Tuesday, July 22, 2008
Sang's Marinade and the Secret Ingredient.
Right before I jetted off on my whirlwind European Tour, Paella Party and Artscape, I took an afternoon to test out a potential new-ish approach for making Korean-style kalbi short ribs. For this test, I sourced some thick cut beef short ribs from Woolsey Farm in Churchville, Maryland. I've been sampling a bit of Woolsey's meats lately and have come to like their offerings.
For the marinade, I would rely on Sang Moon's old recipe of soy sauce, sugar, garlic, onions, green onions, ginger and a variation on the secret ingredient: Mexican Coca-Cola. Just mix it all in a bowl and soak those suckers.
Short Ribs marinated and vacuum bagged.
Actually, I left the ribs in the marinade for only about thirty minutes since I was sealing them in vacuum bags which would help the marinade penetrate the meat. A light coating will do and you can refrigerate the vac-sealed marinated meat overnight, if you wish.
But I wanted to get going, so once they were sealed and the water bath heated, I dropped them into a temperature controlled sous vide bath of 65C water and left the ribs to slow cook for three hours.
Sous Vide at 65.0 Celcius for five hours.
While I've been playing around a bit with sous vide, in many ways I'm still flying in the dark. A little experiment here, a little testing there, and voila! Maybe something good will come of this. Or I would have waited around for hours just to have a taste of disaster.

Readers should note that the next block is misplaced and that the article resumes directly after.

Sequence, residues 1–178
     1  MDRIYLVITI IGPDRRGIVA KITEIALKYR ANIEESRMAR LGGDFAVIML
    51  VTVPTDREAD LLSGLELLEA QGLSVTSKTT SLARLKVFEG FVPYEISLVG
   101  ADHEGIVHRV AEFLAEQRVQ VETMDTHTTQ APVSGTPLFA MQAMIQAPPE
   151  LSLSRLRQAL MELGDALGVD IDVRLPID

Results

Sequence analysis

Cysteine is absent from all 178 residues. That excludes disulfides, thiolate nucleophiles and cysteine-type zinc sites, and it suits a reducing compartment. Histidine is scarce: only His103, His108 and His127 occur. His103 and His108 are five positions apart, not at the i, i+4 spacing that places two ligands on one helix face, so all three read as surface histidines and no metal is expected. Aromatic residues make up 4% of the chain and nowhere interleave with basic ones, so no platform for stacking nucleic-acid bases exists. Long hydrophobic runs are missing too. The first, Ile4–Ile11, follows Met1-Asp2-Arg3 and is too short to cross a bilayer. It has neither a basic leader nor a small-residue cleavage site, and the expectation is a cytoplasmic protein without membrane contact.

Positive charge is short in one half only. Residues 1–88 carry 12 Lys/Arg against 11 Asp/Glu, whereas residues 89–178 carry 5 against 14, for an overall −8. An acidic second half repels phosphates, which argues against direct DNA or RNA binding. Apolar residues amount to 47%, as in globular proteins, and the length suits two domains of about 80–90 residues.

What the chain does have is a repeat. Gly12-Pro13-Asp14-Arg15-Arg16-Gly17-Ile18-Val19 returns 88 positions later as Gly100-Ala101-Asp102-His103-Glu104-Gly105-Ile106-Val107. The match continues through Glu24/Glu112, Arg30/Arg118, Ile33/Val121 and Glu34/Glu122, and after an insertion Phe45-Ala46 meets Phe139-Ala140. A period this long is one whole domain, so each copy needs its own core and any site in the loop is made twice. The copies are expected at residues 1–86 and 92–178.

Of course, I've waited two years just to discover that my efforts in making red wine resulted in catastrophe and financial ruin. Perhaps a couple of hours and ten dollars in beef isn't that bad.
Pan Sear on all sides before serving.
After five hours, I decided to pull the ribs and see what there was to see. The nice thing about sous vide is that nothing escapes. The marinade and the juices are all trapped and the meat has to essentially braise in its' own juices, keeping the flavor close to home.
At five hours, the meat is pink all the way around. It's unnerving in a way since you're not used to seeing the outside of cooked meat so pink. Maybe it's alive. Maybe it's pissed. Whatever it is, it's time to kill it with a proper sear.
Beautifully pink inside but needs to be cooked longer.
It could go without saying that I love my cast iron pan. A properly seasoned cast iron pan is a glorious experience. Everything cooks so nicely. It sears beautifully. And clean up is lickety split. For the past year, I've been on a campaign to teach my extended families the virtues of cast iron. Some of my cousins have responded with serious enthusiasm by buying their own cast iron and cooking in them extensively.
Then there are the elders, like my aunt who complains that they're "too heavy" (they are) and that they can't get the right "look". Further investigation reveals that my aunt likes to scrub the pan with soap and water until it returns to it's "as new" color. I've gently encouraged them to let the natural patina develop by not scrubbing with soap and water. I think they're on the right path.
In the meantime, the pan has been heating on high until it starts to smoke lightly. Drizzle in some peanut oil (or whatever oil you desire), let the oil glimmer and then lay the ribs in. Allow each side to caramelize on the pan and then serve.
The results were okay. Not bad, but not exactly what I was hoping for. Even after five hours, the meat hadn't broken down enough and perhaps it needed more time in the marinade before cooking. Also, a little more salt would give the flavor the extra punch it needed.
For the next time, we're gonna have to go to twelve hours at 65C to really get the meat tender. The pink interior I think looks perfect and is the result I'm looking for without the gradient gray that results from direct heat cooking.
Good thing I had fresh steamed rice at the ready.